A former Ku Klux Klan leader turned Catholic priest says shame stopped him from apologizing to a Maryland couple after he burned a cross outside their home four decades ago.
Father William Aitcheson paid the Butlers $23,000 this week and passed along a two-page handwritten apology letter in which he called his past behavior repulsive and immoral, but the couple said the money and apology are not enough.
"He's caused me great hardship, anger, pain, suffering that I should not have had to suffer through," Barbara Butler said. "I don't forgive him yet, but he needs to stop and think about what he really did and how it has affected our lives."
Barbara and Phillip Butler, along with their attorney Ted Williams, said they were researching pursuing a lawsuit against the Catholic church for what they describe as a blatant attempt to cover for Aitcheson.
Forty years ago, while in college, Aitcheson burned a large cross on the Butler's front lawn at their College Park home. He also reportedly made pipe bombs and was arrested and charged in the incidents.
As part of a civil lawsuit, the Butlers were awarded $23,000 that Aitcheson never paid, until now.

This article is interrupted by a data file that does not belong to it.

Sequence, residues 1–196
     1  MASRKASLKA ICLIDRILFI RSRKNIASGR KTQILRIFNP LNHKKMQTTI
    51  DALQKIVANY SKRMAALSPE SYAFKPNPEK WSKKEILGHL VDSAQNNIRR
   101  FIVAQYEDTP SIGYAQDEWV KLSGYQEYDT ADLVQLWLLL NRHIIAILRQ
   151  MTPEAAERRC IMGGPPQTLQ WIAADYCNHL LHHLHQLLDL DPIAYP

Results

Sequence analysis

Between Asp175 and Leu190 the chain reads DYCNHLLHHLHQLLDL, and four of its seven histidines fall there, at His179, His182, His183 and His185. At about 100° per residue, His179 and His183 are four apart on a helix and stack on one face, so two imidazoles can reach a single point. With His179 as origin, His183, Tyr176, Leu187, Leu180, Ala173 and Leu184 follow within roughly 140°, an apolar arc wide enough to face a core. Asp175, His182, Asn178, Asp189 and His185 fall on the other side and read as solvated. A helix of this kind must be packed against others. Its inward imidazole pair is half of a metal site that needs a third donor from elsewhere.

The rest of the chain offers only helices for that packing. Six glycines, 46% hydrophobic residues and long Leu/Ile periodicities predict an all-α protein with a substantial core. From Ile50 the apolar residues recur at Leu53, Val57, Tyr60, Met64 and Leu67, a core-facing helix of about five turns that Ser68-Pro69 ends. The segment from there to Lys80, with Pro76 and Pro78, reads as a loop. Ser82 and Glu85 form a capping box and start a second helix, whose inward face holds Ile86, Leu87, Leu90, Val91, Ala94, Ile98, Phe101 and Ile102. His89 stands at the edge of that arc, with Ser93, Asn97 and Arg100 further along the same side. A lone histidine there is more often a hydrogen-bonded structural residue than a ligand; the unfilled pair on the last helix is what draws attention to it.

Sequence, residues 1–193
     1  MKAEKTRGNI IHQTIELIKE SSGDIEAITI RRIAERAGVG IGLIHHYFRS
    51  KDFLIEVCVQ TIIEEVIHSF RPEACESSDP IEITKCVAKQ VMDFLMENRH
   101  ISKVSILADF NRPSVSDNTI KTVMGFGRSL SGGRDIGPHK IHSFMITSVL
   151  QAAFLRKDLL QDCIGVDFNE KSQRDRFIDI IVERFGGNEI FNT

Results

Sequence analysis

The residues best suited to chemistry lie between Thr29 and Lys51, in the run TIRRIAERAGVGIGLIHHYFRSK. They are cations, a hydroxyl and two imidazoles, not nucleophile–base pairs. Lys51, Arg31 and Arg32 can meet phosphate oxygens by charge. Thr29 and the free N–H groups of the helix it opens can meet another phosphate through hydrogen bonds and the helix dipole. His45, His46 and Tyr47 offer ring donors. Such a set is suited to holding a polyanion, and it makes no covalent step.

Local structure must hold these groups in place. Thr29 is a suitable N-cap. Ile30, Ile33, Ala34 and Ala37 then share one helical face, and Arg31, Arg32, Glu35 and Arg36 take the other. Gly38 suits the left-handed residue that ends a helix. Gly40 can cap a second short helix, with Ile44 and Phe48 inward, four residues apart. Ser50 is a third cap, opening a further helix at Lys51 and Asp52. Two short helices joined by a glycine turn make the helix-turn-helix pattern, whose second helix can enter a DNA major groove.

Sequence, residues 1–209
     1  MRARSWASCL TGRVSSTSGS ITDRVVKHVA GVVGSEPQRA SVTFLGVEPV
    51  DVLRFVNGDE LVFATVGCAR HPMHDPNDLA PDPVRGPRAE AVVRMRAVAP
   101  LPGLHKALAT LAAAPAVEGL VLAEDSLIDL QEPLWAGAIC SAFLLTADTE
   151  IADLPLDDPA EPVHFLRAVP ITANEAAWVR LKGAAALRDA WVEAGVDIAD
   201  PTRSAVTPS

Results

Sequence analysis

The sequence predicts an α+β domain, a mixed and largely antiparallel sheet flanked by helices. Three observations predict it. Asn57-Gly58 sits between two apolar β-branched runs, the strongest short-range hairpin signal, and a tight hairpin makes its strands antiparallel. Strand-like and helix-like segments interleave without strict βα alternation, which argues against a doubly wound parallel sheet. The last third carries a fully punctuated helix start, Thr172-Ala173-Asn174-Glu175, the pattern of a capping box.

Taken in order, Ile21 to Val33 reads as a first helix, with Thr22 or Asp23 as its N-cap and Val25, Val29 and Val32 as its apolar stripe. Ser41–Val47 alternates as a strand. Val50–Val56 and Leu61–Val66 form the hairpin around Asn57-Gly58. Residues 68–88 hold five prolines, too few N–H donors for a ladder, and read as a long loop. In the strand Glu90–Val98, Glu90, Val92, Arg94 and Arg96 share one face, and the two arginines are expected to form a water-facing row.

Aitcheson released an op-ed in the Arlington Catholic Herald in which he asked for forgiveness. He said he was moved by the racial unrest in Charlottesville.
"That was disingenuous, it was phony and we believe it was a conspiracy on a part of the Catholic church," Williams said. "As a result of that, we believe that the Butler's suffered definitely emotional distress in light of the fact that this matter was brought back up."
The Catholic Diocese of Arlington posted a response on their website saying in part, "Fr. Aitcheson acknowledges that he should have reached out to the Butler family and paid restitution decades ago, but he hopes this resolution begins a process of healing and peace. As this matter involving the Butler family and Fr. Aitcheson has only been resolved recently, plans for his future priestly ministry are still being discerned."
The Butlers say Aitcheson used his position as a Catholic priest to continue his Ku Klux Klan activities by reportedly teaching young people the south was fighting for state's rights, not slavery during the Civil War.
The Butler's attorney is also demanding law firm Steptoe and Johnson, associated with the case decades ago, pay $65,000 interest on the civil judgment allowed to lapse.
Steptoe and Johnson said they were unaware of Williams claim until Friday and told FOX 5 they represented the Butlers pro-bono decades ago.